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3 - 5yrs Clinic

Eating

Pre-school nutrition basics

Young children are, quiet rightly, lively creatures who need the right fuel for energy and physical and mental development. Unfortunately, even the most willing ‘eat anything’ toddler can turn into a fussy four-year-old who would live of jam sandwiches and slices of cheddar if he could… So making sure you have the basics covered will be important.

The pre-schooler’s daily nutrition – key points

Some days you will tick all the right nutritional boxes, others you might find it’s been all about sandwiches and pieces of fruit rather than square meals. But on average your child’s diet should pan out along the following lines.

•The five-a-day mantra becomes important by the age of three or four, but ideally try to make this three vegetable and two fruit, offering a colourful array of delights for healthily variety.

•For energy, your child will need plenty of starchy carbohydrates like bread, pasta, potatoes and breakfast cereal. Where possible try to make sure these are not fatty options like chips or very sugary cereals. Get into the habit of reading the labels – you’d be amazed how much salt and sugar can creep into foods aimed directly at small children.

•For calcium, dairy products are great but can be fatty. If your child still enjoys milk, you can opt for a semi-skimmed milk by this age. Try to keep dairy products like yoghurt, cheese and milk to two or three portions maximum.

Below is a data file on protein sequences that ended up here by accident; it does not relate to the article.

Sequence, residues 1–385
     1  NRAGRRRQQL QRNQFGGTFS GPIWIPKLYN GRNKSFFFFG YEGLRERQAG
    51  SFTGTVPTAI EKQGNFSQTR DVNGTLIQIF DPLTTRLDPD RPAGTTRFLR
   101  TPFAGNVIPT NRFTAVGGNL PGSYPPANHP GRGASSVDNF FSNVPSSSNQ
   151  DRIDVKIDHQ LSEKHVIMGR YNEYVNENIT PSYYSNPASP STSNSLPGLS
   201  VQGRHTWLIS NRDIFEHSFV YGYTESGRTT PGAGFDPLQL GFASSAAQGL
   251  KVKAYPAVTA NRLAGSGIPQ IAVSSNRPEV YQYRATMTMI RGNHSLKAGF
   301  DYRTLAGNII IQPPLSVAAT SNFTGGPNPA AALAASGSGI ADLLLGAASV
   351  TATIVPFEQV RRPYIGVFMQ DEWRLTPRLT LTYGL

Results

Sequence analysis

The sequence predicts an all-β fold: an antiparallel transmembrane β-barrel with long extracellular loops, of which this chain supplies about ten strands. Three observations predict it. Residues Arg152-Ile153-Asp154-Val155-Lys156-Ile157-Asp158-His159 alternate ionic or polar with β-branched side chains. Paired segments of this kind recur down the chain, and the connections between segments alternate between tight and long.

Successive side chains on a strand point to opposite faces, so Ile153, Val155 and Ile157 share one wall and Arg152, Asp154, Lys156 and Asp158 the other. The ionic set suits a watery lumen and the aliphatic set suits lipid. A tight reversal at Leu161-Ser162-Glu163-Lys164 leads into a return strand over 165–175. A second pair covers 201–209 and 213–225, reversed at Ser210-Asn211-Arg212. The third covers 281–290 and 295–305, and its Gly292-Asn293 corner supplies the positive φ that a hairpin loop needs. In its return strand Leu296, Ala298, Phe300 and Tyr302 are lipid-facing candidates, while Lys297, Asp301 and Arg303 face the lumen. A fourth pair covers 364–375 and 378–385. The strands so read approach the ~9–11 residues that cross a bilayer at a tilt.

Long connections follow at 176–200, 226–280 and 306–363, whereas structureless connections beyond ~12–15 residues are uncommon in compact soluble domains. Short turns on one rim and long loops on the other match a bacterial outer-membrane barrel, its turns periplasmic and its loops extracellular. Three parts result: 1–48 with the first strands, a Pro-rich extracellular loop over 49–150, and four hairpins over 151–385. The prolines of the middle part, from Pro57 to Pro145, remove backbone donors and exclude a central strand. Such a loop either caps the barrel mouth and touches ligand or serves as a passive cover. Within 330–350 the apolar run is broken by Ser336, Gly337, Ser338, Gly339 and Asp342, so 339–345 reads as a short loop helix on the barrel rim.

•Protein is very important but does not need to be a huge part of your child’s diet. Offer two portions of meat or fish, or eggs (or pulses) each day.

•Try to limit treats. Children don’t need sweets every day, and major causes of childhood obesity in the UK are crisps and fizzy drinks. Make these extras feel genuinely like rare special treats rather than a daily event.

SUBHEAD Pre-schooler’s drinking

•Your child can drink milk, water or juice.

•If opting for juice bear in mind that juices like orange tend to have greater nutritional value than apple juice. And be mindful that ‘juice drinks’ are likely to be full of other ingredients not just pure juice.

•As with toddlers, still dilute juice as it can be quite acidic.

•For the sake of your child’s teeth, only give juice with meals and never give juice too close to teeth-cleaning time.


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